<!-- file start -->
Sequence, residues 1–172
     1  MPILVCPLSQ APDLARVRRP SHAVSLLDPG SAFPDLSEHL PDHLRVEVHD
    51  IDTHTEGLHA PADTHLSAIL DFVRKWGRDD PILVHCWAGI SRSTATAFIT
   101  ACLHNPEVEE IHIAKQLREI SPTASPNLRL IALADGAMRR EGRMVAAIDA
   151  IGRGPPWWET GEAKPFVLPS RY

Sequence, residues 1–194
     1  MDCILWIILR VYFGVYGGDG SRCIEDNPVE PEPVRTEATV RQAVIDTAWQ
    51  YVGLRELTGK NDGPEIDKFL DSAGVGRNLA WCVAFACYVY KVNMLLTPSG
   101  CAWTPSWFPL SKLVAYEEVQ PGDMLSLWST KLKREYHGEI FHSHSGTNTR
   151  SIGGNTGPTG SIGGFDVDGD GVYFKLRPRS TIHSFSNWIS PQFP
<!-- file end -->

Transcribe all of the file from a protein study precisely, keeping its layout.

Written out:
Sequence, residues 1–172
     1  MPILVCPLSQ APDLARVRRP SHAVSLLDPG SAFPDLSEHL PDHLRVEVHD
    51  IDTHTEGLHA PADTHLSAIL DFVRKWGRDD PILVHCWAGI SRSTATAFIT
   101  ACLHNPEVEE IHIAKQLREI SPTASPNLRL IALADGAMRR EGRMVAAIDA
   151  IGRGPPWWET GEAKPFVLPS RY

Sequence, residues 1–194
     1  MDCILWIILR VYFGVYGGDG SRCIEDNPVE PEPVRTEATV RQAVIDTAWQ
    51  YVGLRELTGK NDGPEIDKFL DSAGVGRNLA WCVAFACYVY KVNMLLTPSG
   101  CAWTPSWFPL SKLVAYEEVQ PGDMLSLWST KLKREYHGEI FHSHSGTNTR
   151  SIGGNTGPTG SIGGFDVDGD GVYFKLRPRS TIHSFSNWIS PQFP